>> ABDELDJALIL BACHAR BONG:  Satish online. 

>> AVRI DORIA:  Would you like to speak to your slide?  Oh, sorry. 

>> AVRI DORIA:  Yeah, that was Abdeldjalil.  Let's move on because there's many slides to go through. 

>> ABDELDJALIL BACHAR BONG:  Satish is here.

>>  Apologies.  I'm in the airport.  I don't have anything else to add.  Thank you for the opportunity.  Back to you, Avri. 

>> AVRI DORIA:  Thank you, Satish.  Have a good flight. 

>> SATISH BABU:  Thanks. 

>> AVRI DORIA:  North America SIG.  Stacey, this is your opportunity.  There's no picture to show.  Just an announcement that you are going to talk about new stuff.  Can somebody enable Stacey to speak?  And there's no slide for me to read here.  Oh, thank you.  There's Stacy. 

(No audio) you're unmuted.  We hear very softly, but we do not hear you.  We heard you before.  No.  Sometimes I hear a little bit of voice, but mostly I do not hear you.

>>  Stacy:  Sorry. 

>> AVRI DORIA:  Why don't we move on and then ‑‑ because we're going to come back to the virtual SIG at the very end.  Maybe if we have taken care of the voice issues by the time we get to that slide we can cover both.  Thank you.  Okay.  There's the Russian SIG.  Who do we have to speak?

is Alana online or here or who else?

>>  It's me.  Hope you can hear me well. 

>> AVRI DORIA:  Yes, please, go ahead.

>>  Okay.  So very quickly, first of all, I would like to say that our school quite resembles what Olga was talking about because we have the same type of structure, and we also have partnership with university and diploma, but the scale is modest.  We have hundreds of applications, like more of them, but we have 38, 40 fellows.  We are small, but yeah. 

Once our school was designed as an academic endeavor mostly, but with the experience and practice from people in the real industry, different stakeholders, this year we decided to actually edit this (audio lost) ‑‑ which of the guidelines for the U.N. and tech envoy.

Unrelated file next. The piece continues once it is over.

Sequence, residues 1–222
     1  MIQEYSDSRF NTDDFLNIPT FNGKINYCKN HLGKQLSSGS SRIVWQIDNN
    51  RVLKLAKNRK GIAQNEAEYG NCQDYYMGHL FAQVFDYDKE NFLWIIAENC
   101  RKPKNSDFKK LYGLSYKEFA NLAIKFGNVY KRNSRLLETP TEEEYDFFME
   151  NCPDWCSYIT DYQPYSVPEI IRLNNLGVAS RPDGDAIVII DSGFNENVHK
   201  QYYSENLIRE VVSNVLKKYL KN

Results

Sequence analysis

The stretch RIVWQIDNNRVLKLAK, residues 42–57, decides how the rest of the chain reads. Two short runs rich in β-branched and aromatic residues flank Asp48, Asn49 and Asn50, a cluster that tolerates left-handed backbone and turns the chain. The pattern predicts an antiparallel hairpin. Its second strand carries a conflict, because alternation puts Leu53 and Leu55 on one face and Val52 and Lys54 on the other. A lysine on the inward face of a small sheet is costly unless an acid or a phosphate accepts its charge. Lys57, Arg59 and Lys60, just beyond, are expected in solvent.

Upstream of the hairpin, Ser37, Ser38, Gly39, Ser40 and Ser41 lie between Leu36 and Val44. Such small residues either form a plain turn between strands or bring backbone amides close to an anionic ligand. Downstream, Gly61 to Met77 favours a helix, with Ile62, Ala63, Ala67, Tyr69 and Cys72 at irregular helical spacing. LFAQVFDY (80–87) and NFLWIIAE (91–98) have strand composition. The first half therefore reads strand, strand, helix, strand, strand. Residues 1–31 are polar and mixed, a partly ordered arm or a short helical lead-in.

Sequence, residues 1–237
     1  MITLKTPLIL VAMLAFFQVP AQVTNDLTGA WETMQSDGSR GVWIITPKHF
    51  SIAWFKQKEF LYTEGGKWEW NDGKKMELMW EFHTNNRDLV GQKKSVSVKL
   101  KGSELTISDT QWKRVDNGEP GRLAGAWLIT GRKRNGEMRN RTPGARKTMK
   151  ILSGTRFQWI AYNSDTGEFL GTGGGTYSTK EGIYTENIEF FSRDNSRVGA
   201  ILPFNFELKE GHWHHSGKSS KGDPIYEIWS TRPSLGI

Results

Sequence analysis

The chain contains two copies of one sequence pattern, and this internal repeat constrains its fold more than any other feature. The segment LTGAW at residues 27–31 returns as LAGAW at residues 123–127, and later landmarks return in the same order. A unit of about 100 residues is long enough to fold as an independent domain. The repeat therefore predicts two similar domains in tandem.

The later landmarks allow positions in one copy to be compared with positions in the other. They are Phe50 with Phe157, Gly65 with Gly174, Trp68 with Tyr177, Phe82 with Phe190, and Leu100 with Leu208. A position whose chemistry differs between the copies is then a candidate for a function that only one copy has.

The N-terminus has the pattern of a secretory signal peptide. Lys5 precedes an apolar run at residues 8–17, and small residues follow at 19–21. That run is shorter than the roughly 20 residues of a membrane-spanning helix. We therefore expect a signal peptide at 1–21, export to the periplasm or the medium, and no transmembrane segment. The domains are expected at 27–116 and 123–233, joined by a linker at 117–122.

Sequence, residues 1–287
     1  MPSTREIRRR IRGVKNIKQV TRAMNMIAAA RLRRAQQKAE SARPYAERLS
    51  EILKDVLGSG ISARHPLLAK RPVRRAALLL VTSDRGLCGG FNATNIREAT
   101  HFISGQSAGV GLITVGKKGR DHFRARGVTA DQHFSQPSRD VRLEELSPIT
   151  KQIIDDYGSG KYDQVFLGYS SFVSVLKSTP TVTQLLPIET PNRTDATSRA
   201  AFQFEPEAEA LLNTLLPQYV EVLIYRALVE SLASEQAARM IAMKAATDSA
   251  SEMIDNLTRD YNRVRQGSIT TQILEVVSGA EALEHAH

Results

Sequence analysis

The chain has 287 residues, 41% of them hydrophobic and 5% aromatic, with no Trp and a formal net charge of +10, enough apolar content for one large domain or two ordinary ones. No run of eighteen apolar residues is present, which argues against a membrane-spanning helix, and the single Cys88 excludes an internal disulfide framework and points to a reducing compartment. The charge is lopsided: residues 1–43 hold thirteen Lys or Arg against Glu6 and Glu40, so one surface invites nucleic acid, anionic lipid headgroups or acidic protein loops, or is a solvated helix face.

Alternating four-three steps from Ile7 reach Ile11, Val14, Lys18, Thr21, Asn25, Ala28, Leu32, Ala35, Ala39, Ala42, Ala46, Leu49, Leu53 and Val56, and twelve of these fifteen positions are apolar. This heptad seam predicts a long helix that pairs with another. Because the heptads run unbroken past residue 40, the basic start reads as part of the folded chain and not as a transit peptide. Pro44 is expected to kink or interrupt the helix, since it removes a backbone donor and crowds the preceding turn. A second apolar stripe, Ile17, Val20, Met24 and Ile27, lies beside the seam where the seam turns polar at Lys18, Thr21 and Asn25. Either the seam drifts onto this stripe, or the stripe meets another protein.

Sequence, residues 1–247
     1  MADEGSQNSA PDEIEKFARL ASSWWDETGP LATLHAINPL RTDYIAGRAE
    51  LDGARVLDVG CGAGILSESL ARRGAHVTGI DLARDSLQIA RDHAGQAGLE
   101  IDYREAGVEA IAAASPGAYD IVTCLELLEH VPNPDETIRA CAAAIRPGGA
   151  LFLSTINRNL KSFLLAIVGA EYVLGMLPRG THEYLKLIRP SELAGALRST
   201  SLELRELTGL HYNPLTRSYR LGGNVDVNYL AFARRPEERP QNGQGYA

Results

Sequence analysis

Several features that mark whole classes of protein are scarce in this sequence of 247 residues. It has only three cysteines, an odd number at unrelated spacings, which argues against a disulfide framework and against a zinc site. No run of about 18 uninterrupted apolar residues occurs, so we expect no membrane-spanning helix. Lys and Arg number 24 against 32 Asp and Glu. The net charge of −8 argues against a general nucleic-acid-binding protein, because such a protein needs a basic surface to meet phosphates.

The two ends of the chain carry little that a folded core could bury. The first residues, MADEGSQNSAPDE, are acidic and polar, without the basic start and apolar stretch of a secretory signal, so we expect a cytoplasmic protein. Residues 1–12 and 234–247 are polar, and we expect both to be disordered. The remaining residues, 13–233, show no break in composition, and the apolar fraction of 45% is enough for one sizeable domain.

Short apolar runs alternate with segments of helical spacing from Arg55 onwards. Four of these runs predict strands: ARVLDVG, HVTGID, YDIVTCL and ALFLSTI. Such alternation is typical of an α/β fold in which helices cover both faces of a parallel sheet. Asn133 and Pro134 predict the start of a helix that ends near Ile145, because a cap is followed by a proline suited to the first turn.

Our participants were debating different kind of principles and provides a document that can be submitted to GDC process, but it was kind of an educational exercise. 

Also, we have been researching the internet fragmentation.  On the slide you can see the thesis of the big mind‑map where they have technical, economic, political, and internet ‑‑ (lost audio ‑‑ for key infrastructure.  This is kind of our contribution. 

Actually, I'm very proud that we also prepare people to participate in different process, and IGF is one of them.  As I know, there are two here at ‑‑ (lost audio).

>> AVRI DORIA:  We just lost your audio, but thank you very much.

>>  As organizers ‑‑ okay.  Hope you have heard at least the basics. 

>> AVRI DORIA:  Yeah.  No, we did hear.  Again, at the very end.  Thank you very much.  My slide.  Thank you.  Let me ‑‑ you want to ‑‑ it's not one that's in the list.  Okay.  Okay.  Let me go to the ‑‑ we already did the South School.  Okay.  The Chad.  Was there someone that wanted to speak to that one? 

>> ABDELDJALIL BACHAR BONG:  Abdeldjalil.  I have my colleague Mustapha.  We organize in Chad.  Our first edition of school.  It was in 2020.  Around 14 to 15 December in Chad.  We organize in collaboration with national ICT in Chad.  This is our first edition.  Our second edition was so difficult to organize, so now we are preparing to organize our second edition this year. 

So we are sharing the mailing list.  We train more than 55 people, but gender gap is there, so very anxious to close this gap.  Thank you. 

>> AVRI DORIA:  Thank you.  Next is the virtual SIG, and so we'll try again with Stacy, but if not, I've been told that Andre in the room can speak to it or Stacy, do you just want to defer to Andre?

>>  Stacy:  I have my video off.  Do you hear me better without it. 

>> AVRI DORIA:  Can I hear you.

>>  Stacy:  I'll say something brief and then committee add.  There's a major, major rewrite coming.  A major, major change in probably central approach to the class from VSIG, which I just personally completed, so I feel fortunate to see where this is going.  I'm going to help with that redelivery.  It will be exciting to see how that unfolds. 

We also, therefore, will have quite a few less people going through the school because there's going to be a major rewrite.  We also are going to be bringing on a GDPR for citizens class focused specifically from their perspective on how to navigate the system with GDPR, and it's a rewrite.  We're just waiting for funding on that, but it's a rewrite of something that already exists that lost its home.  Let's hope that comes through. 

I think those are the main things that I was told to relay.  Perhaps there's some more from Andre there?  Yes?